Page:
For every resident in Gloucestershire, there can be little doubt as which racing event is the biggest in the UK calendar; it's simply no contest that our home-grown Festival tops the charts every time against the likes of Aintree or Royal Ascot.
Although every Englishman grows up having watched the Grand National on a Saturday in April, the Festival continues to spread its wings as the most significant horse racing fixture in the calendar, punctuating the year and ensuring even those that don't follow racing know its dates and impact on the county.
The Festival's great strength is its depth; even the weakest race, which the most ardent amateur rider would admit is the Foxhunter Chase, is archly competitive; four days of intense competition where every race would grace a Saturday card as the main feature.
Although US horses running in the UK's top Jumps races are like hen's teeth, trainers that have sent horses over have rarely returned empty-handed. Think Jay Trump's 1965 Grand National, Flatterer's second in the 1988 Champion Hurdle, or even Lonesome Glory, who won Cheltenham's leg of the Sport of Kings Hurdle Series in 1991. Compare these to America's Kentucky Derby horses 2020, and you have some idea of the achievement of each.
The four feature races of the Festival each has a unique story.
Established in 1927, the Champion Hurdle is the richest hurdle race in Europe. Run over the minimum trip of 2 miles, it has seen some of the very closest finishes. Buildings and barsd all over the modern day Cheltenham are littered with the names of past winners: the Insurance Bar (1932, 1933), the Hatton's Grace Room on Level 4 of the old Grandstand (1949-51 inclusive), the Istabraq Bar on Level 2 (1998-2000 inclusive) and numerous others that have disappeared in subsequent redevelopments.
Looking into famous winners of the Champion Hurdle through the years, Istabraq, Persian War, and Hatton's Grace are three-time winners. Nicky Henderson leads the tally board for most victories won by a trainer, with 8 wins, including ,most recently Epatante, the first mare to win since Annie Power in 2016. Tim Molony, Ruby Walsh and the recently retired Barry Geraghty have all recorded four wins as a jockey. Locally, our own Kim Bailey, training then elsewhere rather than at Andoversford, is the only current Gloucestershire trainer to have the race, with Alderbrook in 1995.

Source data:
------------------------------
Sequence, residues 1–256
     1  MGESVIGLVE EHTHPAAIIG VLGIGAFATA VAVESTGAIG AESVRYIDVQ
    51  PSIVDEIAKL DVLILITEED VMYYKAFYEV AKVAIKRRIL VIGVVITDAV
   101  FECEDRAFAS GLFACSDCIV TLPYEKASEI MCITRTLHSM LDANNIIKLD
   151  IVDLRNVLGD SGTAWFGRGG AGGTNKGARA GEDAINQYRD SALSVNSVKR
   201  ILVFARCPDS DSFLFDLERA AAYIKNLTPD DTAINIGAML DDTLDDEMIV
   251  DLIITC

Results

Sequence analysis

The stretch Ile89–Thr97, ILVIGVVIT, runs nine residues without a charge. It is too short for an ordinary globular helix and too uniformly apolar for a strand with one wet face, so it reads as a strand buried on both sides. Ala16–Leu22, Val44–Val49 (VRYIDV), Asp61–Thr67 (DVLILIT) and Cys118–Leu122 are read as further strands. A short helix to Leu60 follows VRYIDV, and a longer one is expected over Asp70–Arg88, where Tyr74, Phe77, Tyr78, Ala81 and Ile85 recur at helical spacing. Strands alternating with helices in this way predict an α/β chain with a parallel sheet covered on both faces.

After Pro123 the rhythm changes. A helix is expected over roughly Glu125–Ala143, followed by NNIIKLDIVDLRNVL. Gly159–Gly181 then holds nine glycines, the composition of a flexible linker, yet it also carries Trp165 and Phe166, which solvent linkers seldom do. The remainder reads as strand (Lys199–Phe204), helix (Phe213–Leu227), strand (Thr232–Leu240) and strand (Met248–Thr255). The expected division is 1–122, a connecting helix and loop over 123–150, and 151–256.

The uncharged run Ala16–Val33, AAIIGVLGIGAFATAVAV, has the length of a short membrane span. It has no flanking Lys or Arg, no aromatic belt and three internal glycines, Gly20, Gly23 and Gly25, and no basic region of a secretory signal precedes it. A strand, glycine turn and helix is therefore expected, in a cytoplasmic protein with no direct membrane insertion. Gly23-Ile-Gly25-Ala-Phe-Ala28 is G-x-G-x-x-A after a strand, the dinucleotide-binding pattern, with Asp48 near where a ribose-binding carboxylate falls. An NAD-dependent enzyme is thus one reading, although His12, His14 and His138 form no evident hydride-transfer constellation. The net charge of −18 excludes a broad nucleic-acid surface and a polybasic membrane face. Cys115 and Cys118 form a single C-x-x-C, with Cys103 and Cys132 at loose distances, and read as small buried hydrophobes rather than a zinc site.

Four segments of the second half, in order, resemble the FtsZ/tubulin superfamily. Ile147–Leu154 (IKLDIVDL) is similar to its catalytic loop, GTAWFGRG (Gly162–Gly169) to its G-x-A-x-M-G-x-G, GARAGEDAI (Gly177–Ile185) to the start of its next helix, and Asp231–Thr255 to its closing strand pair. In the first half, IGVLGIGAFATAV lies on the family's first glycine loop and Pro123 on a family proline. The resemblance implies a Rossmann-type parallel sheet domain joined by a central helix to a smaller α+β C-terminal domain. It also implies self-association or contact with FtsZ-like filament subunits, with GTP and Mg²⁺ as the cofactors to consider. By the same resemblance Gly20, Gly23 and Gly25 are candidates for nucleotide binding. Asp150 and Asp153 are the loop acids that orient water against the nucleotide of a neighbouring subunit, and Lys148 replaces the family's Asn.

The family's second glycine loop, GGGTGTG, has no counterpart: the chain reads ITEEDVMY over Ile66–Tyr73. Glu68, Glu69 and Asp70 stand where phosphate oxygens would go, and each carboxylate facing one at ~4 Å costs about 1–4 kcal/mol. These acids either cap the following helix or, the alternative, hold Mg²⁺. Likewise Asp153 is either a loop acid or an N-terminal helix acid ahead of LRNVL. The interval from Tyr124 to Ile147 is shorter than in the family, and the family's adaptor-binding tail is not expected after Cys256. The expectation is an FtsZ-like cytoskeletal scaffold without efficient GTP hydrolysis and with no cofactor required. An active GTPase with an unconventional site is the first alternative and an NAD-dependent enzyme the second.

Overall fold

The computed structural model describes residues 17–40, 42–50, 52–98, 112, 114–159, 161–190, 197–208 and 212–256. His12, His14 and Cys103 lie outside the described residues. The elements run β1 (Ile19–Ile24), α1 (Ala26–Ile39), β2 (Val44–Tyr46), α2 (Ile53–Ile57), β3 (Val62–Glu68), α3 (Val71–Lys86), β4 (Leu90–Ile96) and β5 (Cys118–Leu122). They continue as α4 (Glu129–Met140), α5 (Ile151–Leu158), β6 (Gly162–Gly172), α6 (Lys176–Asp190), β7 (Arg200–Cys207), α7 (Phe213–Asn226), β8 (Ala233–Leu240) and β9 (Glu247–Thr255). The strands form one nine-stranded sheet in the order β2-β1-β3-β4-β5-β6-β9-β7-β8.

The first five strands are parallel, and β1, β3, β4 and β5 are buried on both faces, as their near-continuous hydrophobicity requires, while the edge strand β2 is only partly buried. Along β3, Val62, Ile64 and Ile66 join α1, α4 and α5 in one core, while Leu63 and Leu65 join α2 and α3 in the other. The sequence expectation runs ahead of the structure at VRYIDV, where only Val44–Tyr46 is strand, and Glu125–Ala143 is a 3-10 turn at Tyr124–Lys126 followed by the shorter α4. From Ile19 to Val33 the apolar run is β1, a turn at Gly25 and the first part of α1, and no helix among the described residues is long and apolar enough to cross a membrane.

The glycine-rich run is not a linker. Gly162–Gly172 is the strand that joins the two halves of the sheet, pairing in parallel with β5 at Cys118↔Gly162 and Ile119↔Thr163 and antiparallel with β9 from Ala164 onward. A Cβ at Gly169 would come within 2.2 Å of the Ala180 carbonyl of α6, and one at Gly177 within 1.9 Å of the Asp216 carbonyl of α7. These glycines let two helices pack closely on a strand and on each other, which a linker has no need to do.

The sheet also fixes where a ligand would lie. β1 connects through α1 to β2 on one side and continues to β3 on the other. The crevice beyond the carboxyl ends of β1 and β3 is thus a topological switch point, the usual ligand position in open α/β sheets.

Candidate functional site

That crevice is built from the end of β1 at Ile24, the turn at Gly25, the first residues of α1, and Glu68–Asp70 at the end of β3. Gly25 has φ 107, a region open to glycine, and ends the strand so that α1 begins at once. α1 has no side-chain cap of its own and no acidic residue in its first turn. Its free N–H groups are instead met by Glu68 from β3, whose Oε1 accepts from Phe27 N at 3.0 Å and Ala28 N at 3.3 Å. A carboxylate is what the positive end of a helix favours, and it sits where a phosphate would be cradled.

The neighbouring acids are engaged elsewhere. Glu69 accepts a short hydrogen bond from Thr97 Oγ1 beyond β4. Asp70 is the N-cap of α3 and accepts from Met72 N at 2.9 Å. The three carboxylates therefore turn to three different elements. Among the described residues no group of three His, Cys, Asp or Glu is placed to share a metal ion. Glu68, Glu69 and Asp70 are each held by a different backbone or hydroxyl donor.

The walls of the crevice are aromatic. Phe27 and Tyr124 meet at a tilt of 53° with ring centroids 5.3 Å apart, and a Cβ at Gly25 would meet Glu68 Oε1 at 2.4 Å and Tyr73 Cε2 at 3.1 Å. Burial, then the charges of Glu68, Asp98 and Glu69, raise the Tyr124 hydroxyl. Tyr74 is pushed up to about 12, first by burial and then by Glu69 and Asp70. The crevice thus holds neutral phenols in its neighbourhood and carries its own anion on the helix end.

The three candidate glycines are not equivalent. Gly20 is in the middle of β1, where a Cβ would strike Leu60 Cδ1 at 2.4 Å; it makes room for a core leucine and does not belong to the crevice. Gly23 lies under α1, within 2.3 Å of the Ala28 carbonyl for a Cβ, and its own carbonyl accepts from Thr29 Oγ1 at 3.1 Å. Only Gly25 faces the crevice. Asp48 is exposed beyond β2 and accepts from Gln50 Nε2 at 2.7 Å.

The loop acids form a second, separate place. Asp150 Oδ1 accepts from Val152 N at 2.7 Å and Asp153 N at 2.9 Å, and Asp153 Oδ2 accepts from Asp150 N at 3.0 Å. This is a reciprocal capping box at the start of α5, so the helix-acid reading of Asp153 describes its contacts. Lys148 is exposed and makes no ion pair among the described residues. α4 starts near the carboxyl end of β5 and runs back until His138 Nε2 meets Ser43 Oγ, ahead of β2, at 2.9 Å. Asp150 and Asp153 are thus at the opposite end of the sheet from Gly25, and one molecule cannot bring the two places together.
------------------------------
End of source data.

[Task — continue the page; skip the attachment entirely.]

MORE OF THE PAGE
Originally named as the National Hunt Two-Mile Champion Chase, which started in 1959, this race at the Festival has grown in publicx stature over the years, even if previously, itr was well respected by the professionals. Its title was altered to include the Queen Mother in 1981 in honour of her support of UK Jump racing.
The £400,000 prize fund makes it the third richest race in the UK calendar behind the Grand National and Cheltenham Gold Cup.
Historically, Badsworth Boy is the only horse to win the Champion Chase three times in a row (1983-1985 inclusive) Latterly Master Minded (2008, 2009), Sprinter Sacre (2013, 2016) and Altior (2018, 2019) have demonstrated that a champion can keep his speed for at least two seasons before a you nger generation eclipses them . Altior was supposed to join Badsworth Boy as three-timer this year but failed to stay sound.
If you are looking for U.K.'s leading long-distance hurdler, then Stayers' Hurdle is the event you should come and see. This Grade 1 hurdle race in the British National Hunt calendar has now been overtaken in value as the feature of the Festival Thursday by the Ryanair Chase, but at £325, 000, it's still a huge prize.
From 2005-2015, the event was known as the World Hurdle for sponsorship reasons - an unassumimngly modest title! The race can argue it is older than the Gold Cup, as a first recorded running was in 1912. More commonly it is accepted that 1972 marked its inauguration. No horse has dominated the race as much as the peerless Big Buck's, owned by Andy Stewart, who won back-to-back runnings from 2009-12 inclusive, not quite a record for Festival races, as Quevega won the Mares Hurdle 5 tiems consecutively.
Completing the best feature races that take place at the Cheltenham Festival every year is the Cheltenham Gold Cup. Unlike the three races above, this is undoubetdly the most celebrated racing show since it tests stamina and speed over the full 3m 2f and 22 fences.
This year's prize fund of £625,000 is the highest ever recorded, but the race places great demands on the competitors. Al Boum Photo was the first horse since Berst Mate in 2002-2004 to win back-to-back Gold Cups, and it's not a race that horses readily regain. Only Kauto Star in 2009 has successfully regained his crown after losing it.
Yet one race has recently only been mentioned as a problem child, yet forms the epicentre of Cheltenham's 4 day drama. The National Hunt Chase, formerly run over 4 miles for amateur riders and novice horses, was inaugurated 160 years ago, and transfered to Cheltenham permanently in 1911, to form the centrepiece of the Festival.
Four finishers from 18 starters and a fatality in the 2019 race precipitated a review and the race was nearly removed altogether, but with a shortewr ditance and more qualifying criteria, it has been rejuvenated, playing a leading role in the development of riders of the calibre of Jamie Codd, Derek O'Connor and Patrick Mullins.